Most teenagers are on a constant search for who they are and with me, it was no different. But adding two countries, one transatlantic migration and three cultures fused together never made my search any easier. I was born in the Middle East, raised in Southern Lebanon. My family and I came to the U.S. when I was five years old. Nine years later, at the age of 14, my life began to lack a physical heritage, so after some begging, lots of packing and the hectic booking of flights, my mother, brother and I got on a plane and made the journey back to our roots.
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The 14 hour flight was an absolute nightmare; the plane was packed with people and an overwhelming amount of crying children. We were restless, sore and beyond aggravated but as soon as the pilot announced our suspension over Beirut International Airport, everyone broke out in cheers and excited applause. The airport was larger than I imagined and the signs were a conglomeration of Arabic, English and French. Outside, my grandparents and my uncles were waiting for us with flowers and balloons. As soon as my mother saw them, she burst into happy tears. We hugged and laughed and cried until we had no more energy to move. Luckily, my uncle had parked his car close to the exit and we began the 2 hour drive from Beirut to Tripoli-but first, a stop at the famous Al-Hallab Restaurant and Bakery. The restaurant is a luxurious and enchanting fusion of traditional Lebanese gastronomy. My mom and I have spent years fantasizing about this moment. After ordering just about every dish on the menu, ranging from kibbeh, to homemade hummus to heavenly kennafa, we declared ourselves officially Lebanese…and well, officially full.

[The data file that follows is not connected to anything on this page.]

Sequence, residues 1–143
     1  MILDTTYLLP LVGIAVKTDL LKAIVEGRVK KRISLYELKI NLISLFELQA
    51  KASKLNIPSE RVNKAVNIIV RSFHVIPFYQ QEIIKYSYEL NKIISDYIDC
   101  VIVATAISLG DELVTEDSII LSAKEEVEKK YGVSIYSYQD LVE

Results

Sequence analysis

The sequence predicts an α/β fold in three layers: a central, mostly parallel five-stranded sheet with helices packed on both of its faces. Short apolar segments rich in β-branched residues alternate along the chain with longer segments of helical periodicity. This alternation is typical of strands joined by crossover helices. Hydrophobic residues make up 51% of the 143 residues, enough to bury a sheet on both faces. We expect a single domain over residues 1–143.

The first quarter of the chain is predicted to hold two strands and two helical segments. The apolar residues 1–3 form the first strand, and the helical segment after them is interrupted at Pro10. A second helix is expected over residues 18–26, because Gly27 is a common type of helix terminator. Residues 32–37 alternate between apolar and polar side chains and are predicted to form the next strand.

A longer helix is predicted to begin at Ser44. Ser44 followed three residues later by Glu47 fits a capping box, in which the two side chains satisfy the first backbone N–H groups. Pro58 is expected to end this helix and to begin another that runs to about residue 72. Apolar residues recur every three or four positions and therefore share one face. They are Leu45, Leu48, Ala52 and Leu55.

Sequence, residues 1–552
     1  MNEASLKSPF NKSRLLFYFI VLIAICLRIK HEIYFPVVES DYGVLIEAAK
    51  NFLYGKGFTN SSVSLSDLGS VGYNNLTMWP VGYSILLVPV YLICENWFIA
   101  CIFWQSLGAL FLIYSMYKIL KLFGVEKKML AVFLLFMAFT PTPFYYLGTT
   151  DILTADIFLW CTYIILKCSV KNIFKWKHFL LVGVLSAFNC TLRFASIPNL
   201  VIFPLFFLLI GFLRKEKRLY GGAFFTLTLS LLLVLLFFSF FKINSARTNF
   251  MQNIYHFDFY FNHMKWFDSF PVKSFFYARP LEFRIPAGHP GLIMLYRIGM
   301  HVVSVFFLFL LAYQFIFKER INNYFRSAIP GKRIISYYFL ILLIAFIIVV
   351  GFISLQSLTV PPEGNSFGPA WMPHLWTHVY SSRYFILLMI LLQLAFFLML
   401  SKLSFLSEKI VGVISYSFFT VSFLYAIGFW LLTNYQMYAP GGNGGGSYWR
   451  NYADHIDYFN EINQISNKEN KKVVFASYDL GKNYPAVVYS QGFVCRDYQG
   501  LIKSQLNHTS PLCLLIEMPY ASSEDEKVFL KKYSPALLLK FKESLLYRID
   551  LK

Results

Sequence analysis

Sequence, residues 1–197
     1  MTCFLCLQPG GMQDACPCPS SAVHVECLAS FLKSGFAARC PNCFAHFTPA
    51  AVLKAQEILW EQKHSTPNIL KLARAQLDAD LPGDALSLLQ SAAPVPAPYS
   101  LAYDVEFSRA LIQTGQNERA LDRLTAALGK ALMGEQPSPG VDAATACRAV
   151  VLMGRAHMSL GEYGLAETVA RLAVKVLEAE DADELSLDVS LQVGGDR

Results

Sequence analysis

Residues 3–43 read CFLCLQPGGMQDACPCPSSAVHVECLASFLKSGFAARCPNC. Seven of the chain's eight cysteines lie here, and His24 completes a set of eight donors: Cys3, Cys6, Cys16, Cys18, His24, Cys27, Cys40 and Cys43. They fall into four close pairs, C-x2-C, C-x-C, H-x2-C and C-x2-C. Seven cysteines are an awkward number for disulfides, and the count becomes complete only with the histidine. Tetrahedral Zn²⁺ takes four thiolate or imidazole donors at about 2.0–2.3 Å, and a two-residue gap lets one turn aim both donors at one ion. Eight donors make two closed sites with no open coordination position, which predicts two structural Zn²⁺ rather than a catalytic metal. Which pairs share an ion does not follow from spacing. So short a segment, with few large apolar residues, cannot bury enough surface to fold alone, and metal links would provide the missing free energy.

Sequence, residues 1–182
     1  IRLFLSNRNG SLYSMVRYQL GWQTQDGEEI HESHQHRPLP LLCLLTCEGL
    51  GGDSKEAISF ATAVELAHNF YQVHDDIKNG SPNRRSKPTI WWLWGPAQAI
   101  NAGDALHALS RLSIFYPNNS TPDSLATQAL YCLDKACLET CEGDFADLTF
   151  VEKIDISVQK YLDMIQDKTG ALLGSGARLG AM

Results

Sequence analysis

After our short stop and the car ride, we arrived at my grandparents’ house in central Tripoli, in a building about 10 stories high. Because Lebanon is such a small space geographically, construction tends to go up rather than out, resulting in skyscraper-like buildings and offices.
We stayed in Lebanon for 5 days shy of a month and embraced the Mediterranean sights whole-heartedly. I spent my days getting to know my cousins and large extended family. I indulged myself in homemade foods and reacquainted myself with the striking beauty of the Mediterranean Sea. I spent the days letting my skin soak up the warm sunshine as I ambled along the shores of the sea with a cup of creamy, pistachio gelato in my hand and hearing the sounds of Arabic bustling across the shops in Al-Azmi Street. I tried recalling the memories of Tripoli I had when I was a child, but my brain refused to do so, so I decided to make new memories instead.
Talking to locals let me practice my Arabic, and also realize just how welcoming and hospitable Lebanese people are. Because of the constant political unrest, people there have learned how to live one day at a time and not worry about what the future might bring. As an upcoming, nervous, slightly awkward high school freshman, this was one of the most valuable lessons I had ever learned. So armed with this newfound knowledge, a box of baklava, a beautiful bronze tan, and a stunning fluency in Arabic, I deemed myself ready to face high school. And on the flight back to my quaint Virginia town, the search for my identity both ended and began.
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